The Miami Herald jumps into the fray over evolution in the Florida public schools science standards. The reporter writes a comprehensive piece on what is going on, the history of attacks on evolution education, and interviews quite a few people to try to display everyone’s views on the subject. In an article like this, it’s hard for the anti-science folks to come off as looking like anything other than a bunch of Chicken Littles. Even though this story did show the supposed “two sides” to this circus, the anti-science folks’ quotes ring hollow. They claim they are not approaching this from a religious direction, but that is just a paper-thin disguise. If their complaints are not coming from their personal, narrow religious views, then where are they coming from? That’s a question that should have been asked by the reporter. There are plenty of authoritative voices in the story speaking for evolution, which is outstanding. Here’s a sample:
“We’re looking at a scientific theory as opposed to a belief system,” said Rick Ellenburg, Florida’s 2008 teacher of the year. “I’m a religious person and I don’t see a conflict in my life. Within the realm of what I teach it’s pretty much a non-issue.”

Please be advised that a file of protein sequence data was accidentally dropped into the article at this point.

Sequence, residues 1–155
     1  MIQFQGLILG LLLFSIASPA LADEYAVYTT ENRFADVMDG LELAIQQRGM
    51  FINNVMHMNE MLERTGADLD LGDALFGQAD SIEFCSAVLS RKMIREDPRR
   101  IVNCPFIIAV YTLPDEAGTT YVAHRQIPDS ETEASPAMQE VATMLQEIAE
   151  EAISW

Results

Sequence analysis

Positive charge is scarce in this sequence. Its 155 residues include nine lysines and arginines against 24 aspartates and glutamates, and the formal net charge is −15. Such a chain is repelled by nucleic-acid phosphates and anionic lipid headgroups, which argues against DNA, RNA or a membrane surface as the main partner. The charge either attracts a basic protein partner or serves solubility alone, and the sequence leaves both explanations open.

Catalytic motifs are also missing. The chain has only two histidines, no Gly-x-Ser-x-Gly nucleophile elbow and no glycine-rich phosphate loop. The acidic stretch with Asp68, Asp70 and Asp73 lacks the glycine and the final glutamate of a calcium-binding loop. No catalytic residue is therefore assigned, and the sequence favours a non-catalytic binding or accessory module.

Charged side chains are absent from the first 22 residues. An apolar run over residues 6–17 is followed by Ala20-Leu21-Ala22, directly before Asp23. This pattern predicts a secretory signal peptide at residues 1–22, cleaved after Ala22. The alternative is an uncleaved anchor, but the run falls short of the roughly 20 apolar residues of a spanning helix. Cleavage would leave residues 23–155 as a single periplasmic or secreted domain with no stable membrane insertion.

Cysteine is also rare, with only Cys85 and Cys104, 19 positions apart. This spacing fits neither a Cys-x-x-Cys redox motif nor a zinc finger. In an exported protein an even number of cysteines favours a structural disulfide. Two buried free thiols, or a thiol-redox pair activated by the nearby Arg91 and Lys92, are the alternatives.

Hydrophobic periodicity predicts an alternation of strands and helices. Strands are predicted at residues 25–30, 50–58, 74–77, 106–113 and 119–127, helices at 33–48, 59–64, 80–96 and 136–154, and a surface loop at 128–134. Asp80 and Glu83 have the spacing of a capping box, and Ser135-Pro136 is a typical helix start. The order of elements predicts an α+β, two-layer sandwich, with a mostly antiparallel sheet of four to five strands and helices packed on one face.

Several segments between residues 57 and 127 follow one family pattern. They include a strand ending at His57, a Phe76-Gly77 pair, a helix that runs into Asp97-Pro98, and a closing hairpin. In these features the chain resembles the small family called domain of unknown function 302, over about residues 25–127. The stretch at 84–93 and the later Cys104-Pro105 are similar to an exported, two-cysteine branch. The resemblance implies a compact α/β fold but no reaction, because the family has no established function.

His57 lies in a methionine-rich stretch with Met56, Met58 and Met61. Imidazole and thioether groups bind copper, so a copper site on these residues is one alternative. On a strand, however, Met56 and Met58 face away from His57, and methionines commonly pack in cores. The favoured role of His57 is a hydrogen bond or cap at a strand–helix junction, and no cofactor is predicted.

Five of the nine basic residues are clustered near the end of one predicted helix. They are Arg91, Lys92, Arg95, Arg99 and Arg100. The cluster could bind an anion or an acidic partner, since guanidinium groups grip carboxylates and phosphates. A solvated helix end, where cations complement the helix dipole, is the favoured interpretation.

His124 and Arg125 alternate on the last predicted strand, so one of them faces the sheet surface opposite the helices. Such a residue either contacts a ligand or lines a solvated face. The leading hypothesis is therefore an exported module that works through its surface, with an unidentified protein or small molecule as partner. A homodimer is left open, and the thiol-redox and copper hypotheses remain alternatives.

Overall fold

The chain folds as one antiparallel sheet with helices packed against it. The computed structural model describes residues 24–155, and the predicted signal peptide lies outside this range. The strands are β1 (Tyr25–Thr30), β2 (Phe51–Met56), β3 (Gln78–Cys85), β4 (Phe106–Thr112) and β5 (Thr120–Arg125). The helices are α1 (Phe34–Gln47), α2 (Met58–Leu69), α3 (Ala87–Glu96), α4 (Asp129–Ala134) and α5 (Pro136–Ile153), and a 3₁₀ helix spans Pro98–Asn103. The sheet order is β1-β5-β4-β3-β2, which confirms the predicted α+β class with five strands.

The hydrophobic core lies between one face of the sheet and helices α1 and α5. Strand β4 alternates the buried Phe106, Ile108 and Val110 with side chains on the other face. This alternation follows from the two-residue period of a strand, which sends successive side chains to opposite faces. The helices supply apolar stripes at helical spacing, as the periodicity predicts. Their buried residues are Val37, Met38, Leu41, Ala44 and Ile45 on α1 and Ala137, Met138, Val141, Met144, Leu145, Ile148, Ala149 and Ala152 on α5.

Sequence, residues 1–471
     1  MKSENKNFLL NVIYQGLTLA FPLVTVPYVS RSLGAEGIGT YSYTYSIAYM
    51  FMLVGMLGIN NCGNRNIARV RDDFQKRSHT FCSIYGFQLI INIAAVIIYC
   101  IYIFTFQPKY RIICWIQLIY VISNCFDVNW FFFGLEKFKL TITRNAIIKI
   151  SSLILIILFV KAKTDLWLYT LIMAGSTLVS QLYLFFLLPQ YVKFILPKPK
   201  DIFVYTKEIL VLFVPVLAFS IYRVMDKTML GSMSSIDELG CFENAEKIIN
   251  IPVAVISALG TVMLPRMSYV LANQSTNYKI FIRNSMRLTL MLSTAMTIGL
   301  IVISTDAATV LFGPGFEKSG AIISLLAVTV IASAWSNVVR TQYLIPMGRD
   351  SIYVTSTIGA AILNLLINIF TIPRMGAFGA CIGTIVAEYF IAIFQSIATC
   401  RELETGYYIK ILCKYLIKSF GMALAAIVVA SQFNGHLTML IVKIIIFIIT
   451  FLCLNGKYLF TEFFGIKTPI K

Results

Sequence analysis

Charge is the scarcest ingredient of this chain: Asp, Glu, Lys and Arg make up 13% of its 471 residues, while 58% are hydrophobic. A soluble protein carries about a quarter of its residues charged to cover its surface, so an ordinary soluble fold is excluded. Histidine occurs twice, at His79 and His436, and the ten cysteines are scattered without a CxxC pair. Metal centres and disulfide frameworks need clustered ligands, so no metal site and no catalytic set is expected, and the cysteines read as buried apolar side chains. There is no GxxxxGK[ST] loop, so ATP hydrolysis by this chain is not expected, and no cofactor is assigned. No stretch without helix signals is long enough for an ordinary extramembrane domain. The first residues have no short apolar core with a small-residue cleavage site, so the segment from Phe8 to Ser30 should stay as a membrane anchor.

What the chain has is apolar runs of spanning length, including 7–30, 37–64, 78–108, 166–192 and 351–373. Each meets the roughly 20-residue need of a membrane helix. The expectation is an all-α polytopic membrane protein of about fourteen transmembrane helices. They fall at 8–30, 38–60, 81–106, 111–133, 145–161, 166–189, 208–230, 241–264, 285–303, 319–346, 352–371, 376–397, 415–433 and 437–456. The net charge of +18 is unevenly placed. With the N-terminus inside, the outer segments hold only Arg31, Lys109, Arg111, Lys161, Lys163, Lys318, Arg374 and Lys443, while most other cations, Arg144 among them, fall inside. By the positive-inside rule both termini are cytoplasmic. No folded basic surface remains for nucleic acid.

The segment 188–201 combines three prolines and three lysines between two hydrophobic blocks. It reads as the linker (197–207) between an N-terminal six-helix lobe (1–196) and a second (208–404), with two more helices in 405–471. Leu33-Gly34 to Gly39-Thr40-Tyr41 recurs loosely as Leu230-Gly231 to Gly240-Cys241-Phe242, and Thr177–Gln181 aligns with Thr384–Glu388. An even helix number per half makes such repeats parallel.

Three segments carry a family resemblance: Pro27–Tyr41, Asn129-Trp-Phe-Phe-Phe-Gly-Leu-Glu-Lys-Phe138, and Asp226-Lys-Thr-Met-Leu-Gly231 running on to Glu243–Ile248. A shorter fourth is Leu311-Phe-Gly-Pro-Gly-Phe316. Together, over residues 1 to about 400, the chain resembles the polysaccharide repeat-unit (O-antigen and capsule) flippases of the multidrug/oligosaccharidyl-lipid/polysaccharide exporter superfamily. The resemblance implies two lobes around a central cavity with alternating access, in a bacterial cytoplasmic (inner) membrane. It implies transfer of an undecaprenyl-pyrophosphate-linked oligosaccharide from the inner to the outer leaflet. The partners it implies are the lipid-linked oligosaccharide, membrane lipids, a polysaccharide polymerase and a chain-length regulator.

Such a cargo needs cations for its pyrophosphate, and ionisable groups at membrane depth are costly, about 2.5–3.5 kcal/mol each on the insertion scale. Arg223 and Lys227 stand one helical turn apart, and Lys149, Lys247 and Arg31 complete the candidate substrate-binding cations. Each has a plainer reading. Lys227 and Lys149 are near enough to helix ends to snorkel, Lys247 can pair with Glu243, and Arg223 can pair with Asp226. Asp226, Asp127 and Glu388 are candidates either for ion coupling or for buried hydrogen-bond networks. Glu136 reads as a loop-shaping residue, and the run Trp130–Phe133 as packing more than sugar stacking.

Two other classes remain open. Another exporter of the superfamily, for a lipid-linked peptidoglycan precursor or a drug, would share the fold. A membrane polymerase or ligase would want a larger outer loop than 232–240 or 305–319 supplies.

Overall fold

Ellenburg, who is Presbyterian, teaches science at Camelot Elementary School in Orlando and served on the committee that wrote the standards.
Arguments for inserting skepticism, rather than religious concepts, into evolution lessons emerged after a federal court ruling nearly two years ago struck down the teaching of intelligent design in Dover, Pa., biology classes, said Michael Ruse, director of Florida State University’s program on the history and philosophy of science.
“This is strategy No. 4,” Ruse said. He said it’s a wedge issue seen as a step toward introducing religious ideas.
Many supporters say the standards are compatible with their religious beliefs including Joe Wolf, a Presbyterian deacon from Winter Haven who also serves as president of Florida Citizens for Science.
“What we really support is the teaching of strong science,” Wolf said. “Part of that has to be the teaching of evolution. Evolution is the foundation of biology.”
“We’re not talking about crazy, wacky stuff,” said Sherry Southerland, associate professor of science education at Florida State University. “This is the fundamental science the rest of the world learns.”
As of Tuesday, 8,152 people – nearly three-quarters of them educators – had submitted comments to the site, where the split was heavily in support of the evolution standards.
[edited to add: It looks like the Associated Press has picked up this story, thus launching it national.]